Hamilton Ontario - Scott Lee-Kowal chats on his cellphone as he walks down a section of railway where an eight-year-old girl lost her leg to a passing train last week in east Hamilton.
Lee-Kowal is aware of the horrific accident, but says he pays close attention to his surroundings when he takes the shortcut between Cumberland Avenue and Main Street East.
"I see them basically before they get close enough to do any harm," said the 21-year-old on his way to work Thursday afternoon, noting he's walked the track for about eight years.
This section of the Canadian Pacific Railway (CP) industrial line also attracts children, who have easy access via alleys to unfenced legs of track.
This is why some in the neighbourhood just west of Gage Park are calling for a fence to keep kids from horsing around on the line and prevent more tragedies.
"There are too many kids living on the street," said Carol Ann Price, who lives on Balsam Avenue South, which runs alongside the tracks.
"It hits close to home," said Price about last week's tragedy.
She has grandchildren.
Railways are responsible for the safety of infrastructure, equipment, and operations under the Railway Safety Act.
But that doesn't specifically include fencing.
However, Transport Canada "encourages railways to collaborate with all interested stakeholders" to improve safety, spokesperson Annie Joannette said.
Trains barrelling down tracks in densely populated urban areas isn't a new phenomenon.
It's been an issue for decades as Canadian cities grew around rail lines.
Coun. Matthew Green, whose Ward 3 includes the neighbourhood, agrees a fence should be there to protect youngsters from trains on the Cumberland-Main line.
But a more robust public awareness campaign is also key, Green suggested.
"People get lulled into a sense of safety where they can play around these spaces, but that's not the case, they're lethal."
Police have said they're not certain what the girl was doing on the track but noted she fell and was struck around 18:00 last Thursday.
A quick-thinking police officer used a tourniquet to stem blood flow before paramedics rushed the girl to hospital, where her leg was amputated.
CP said its police service continues to investigate the accident, but declined to comment further.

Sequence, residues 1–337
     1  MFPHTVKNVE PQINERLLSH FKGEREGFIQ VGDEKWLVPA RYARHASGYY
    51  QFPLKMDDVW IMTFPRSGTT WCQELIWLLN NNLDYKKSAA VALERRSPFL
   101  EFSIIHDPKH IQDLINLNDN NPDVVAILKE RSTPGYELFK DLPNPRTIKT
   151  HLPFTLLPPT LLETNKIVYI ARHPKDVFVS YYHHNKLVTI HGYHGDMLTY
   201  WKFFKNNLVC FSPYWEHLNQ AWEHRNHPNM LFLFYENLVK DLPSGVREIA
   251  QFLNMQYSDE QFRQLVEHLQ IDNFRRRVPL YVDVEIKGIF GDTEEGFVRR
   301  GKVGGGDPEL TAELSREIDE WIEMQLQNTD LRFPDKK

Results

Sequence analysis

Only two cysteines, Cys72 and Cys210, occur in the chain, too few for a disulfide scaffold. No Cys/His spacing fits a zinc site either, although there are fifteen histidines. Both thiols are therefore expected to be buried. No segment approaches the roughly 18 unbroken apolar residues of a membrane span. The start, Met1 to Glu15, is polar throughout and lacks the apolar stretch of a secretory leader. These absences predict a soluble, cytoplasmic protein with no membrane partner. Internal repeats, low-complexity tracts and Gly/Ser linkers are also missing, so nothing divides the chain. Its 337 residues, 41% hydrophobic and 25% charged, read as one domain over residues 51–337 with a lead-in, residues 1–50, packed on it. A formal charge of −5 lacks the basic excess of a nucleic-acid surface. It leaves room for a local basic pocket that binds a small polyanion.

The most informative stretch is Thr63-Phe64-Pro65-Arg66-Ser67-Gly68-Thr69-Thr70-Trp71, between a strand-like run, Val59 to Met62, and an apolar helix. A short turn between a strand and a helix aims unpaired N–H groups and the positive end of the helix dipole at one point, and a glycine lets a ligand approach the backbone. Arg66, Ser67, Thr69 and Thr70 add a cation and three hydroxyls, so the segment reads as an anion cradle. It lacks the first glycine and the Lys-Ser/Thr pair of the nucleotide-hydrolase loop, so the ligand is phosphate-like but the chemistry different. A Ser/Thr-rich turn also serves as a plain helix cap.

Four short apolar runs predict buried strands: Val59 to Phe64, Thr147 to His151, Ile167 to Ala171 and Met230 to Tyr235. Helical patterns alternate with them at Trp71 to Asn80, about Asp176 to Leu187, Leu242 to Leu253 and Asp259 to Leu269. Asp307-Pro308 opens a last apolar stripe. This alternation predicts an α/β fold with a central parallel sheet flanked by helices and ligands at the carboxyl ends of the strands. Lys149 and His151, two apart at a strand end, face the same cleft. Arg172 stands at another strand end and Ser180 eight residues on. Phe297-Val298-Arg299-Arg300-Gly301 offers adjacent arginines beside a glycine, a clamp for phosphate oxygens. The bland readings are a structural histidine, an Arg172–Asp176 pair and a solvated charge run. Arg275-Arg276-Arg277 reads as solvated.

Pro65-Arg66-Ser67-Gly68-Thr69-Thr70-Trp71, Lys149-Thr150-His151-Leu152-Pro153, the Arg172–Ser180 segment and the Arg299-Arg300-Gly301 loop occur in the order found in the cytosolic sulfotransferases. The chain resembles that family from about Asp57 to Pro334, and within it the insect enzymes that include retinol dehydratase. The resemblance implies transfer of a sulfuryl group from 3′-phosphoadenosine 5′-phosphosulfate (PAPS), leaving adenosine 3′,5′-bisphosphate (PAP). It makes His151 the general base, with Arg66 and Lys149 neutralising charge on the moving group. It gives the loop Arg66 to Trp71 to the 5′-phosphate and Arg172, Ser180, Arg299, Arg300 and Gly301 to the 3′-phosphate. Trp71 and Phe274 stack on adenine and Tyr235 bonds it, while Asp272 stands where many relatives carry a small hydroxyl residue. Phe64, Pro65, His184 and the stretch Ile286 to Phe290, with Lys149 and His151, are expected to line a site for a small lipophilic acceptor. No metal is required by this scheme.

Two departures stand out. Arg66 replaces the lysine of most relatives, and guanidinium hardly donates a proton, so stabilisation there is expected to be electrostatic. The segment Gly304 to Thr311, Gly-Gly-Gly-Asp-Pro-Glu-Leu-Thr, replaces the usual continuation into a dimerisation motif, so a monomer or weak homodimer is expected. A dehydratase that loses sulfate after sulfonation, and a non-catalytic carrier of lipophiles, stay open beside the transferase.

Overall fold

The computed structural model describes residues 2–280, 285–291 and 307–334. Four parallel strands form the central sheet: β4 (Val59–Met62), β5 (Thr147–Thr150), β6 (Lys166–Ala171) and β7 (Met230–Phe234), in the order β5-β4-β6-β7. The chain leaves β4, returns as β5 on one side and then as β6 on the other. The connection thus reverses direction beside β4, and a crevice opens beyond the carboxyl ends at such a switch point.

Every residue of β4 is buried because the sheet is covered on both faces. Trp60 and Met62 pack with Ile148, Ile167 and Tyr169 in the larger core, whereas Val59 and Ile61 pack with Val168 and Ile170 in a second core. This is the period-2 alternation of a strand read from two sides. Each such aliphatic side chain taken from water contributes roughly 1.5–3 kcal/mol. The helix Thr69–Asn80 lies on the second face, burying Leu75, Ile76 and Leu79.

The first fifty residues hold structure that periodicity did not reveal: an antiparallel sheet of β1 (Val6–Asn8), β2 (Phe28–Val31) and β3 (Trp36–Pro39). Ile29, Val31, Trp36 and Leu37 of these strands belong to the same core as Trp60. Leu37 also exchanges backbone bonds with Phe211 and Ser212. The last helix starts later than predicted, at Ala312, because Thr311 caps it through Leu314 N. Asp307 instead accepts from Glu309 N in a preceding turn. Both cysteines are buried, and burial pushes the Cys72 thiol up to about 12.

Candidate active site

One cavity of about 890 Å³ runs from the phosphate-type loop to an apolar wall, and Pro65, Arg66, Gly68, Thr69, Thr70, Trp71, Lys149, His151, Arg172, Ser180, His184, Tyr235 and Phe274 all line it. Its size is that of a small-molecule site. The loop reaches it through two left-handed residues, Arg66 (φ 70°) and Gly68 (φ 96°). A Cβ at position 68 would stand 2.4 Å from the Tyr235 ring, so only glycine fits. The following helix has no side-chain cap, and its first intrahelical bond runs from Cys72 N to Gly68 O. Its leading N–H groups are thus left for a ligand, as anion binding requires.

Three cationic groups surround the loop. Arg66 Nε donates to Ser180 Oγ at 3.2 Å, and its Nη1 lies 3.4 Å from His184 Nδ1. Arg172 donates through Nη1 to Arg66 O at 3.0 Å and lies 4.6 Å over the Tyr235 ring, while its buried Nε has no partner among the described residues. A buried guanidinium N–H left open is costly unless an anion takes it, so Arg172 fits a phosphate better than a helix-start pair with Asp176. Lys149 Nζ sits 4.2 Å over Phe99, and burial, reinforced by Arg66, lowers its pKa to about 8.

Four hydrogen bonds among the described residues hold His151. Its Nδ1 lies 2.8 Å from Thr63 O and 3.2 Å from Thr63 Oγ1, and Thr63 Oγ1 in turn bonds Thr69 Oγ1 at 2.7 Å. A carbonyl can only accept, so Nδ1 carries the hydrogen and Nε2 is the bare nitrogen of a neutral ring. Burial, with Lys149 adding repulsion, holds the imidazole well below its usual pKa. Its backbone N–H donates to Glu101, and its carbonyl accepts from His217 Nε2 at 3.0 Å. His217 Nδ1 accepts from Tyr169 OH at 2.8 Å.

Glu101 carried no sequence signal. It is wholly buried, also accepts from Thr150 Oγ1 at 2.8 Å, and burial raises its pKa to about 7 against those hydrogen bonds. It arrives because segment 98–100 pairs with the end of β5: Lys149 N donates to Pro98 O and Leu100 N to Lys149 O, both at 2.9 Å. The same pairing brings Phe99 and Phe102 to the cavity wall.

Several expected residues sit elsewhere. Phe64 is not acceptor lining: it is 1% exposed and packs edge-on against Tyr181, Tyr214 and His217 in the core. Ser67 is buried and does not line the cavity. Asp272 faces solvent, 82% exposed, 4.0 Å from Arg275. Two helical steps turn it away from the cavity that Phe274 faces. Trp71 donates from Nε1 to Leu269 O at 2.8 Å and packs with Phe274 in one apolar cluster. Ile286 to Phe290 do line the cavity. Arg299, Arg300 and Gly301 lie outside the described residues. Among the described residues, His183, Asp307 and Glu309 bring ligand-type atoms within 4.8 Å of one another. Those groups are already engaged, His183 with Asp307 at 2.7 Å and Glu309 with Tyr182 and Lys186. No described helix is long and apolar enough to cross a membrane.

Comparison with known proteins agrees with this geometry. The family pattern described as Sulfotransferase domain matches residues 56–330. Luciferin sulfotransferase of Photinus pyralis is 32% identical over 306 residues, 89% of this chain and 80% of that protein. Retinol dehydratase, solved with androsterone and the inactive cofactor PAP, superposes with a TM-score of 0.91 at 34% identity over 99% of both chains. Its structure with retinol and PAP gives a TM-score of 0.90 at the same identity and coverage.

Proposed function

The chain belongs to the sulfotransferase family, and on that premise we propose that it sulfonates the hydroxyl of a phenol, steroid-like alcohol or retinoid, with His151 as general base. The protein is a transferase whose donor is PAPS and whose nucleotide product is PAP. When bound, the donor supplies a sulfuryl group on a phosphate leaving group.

Gerald Guillemette, an area resident who recalled how he called 911 when he saw the girl, said he's still shaken by the scene.
"It was not pretty."
The 28-year-old said children have played around the track and nearby alley for years.
"That place has never been fenced off."
The city-owned alley, which can be accessed at Afton Avenue, leads to a grassy patch of land that ends at the rail line.
As the line heads northeast through neighbourhoods to such industries as the steel plants, there are other points of access.
The city estimates there are roughly 350 kilometres of "centreline" rail in Hamilton.
Canadian National (CN) says, on average, six of its trains a day travel more than 50 kilometres of tracks in the area.
CP didn't provide similar figures.
Its Kinnear rail yard is just south of Gage Park and Lawrence Road.
CN spokesperson Jonathan Abecassis said the company issues hundreds of trespassing tickets a year in Hamilton.
Trespassing is a growing problem across Canada, said Sarah Mayes, national director of Operation Lifesaver, an organization dedicated to improving rail safety.
Mayes noted 53 people were killed and 23 were seriously injured in trespassing incidents last year.
"The tragic thing is that virtually all of these incidents could be prevented."
Operation Lifesaver launched an awareness campaign last year called "Look. Listen. Live." in addition to its efforts at schools and community events.
Mayes said parents should impart rail safety messages, just like buckling your seatbelt, and "model" good behaviour when it comes to trains.
In 2013, a study on Canada's rail network pointed to ways safety could be improved through better municipal planning.
Guidelines for New Development in Proximity to Railway Operations recommends a 30 metre setback for buildings constructed near rail lines with fences and berms.
"The mistakes that were of yesterday in urban planning, we see them today," said Cynthia Lulham, project manager for the Federation of Canadian Municipalities and Railway Association of Canada Proximity Initiative.
Lulham, also a councillor in Montreal, said her city was the first to fold the report's recommendations into its planning practices.
Other cities have followed suit.
Hamilton city staff consult with railways to determine if they have any comments or conditions for proposed developments, said planning director Steve Robichaud.
The official plan stipulates that all projects by railways require safety measures such as setbacks, berms, and fencing to the city's "satisfaction."
Lulham acknowledged the challenge of rail safety in built-up areas, but suggested redevelopment that sees industrial changed to residential, or single-family homes to condos, could present opportunities for better planning.